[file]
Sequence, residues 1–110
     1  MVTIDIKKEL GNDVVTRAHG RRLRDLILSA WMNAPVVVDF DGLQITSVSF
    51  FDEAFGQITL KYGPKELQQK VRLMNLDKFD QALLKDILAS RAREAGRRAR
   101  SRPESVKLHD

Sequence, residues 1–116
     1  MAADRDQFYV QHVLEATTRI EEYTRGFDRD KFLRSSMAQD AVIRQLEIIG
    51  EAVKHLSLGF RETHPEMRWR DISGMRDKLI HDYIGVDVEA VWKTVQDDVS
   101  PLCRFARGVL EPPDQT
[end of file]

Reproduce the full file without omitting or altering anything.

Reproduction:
Sequence, residues 1–110
     1  MVTIDIKKEL GNDVVTRAHG RRLRDLILSA WMNAPVVVDF DGLQITSVSF
    51  FDEAFGQITL KYGPKELQQK VRLMNLDKFD QALLKDILAS RAREAGRRAR
   101  SRPESVKLHD

Sequence, residues 1–116
     1  MAADRDQFYV QHVLEATTRI EEYTRGFDRD KFLRSSMAQD AVIRQLEIIG
    51  EAVKHLSLGF RETHPEMRWR DISGMRDKLI HDYIGVDVEA VWKTVQDDVS
   101  PLCRFARGVL EPPDQT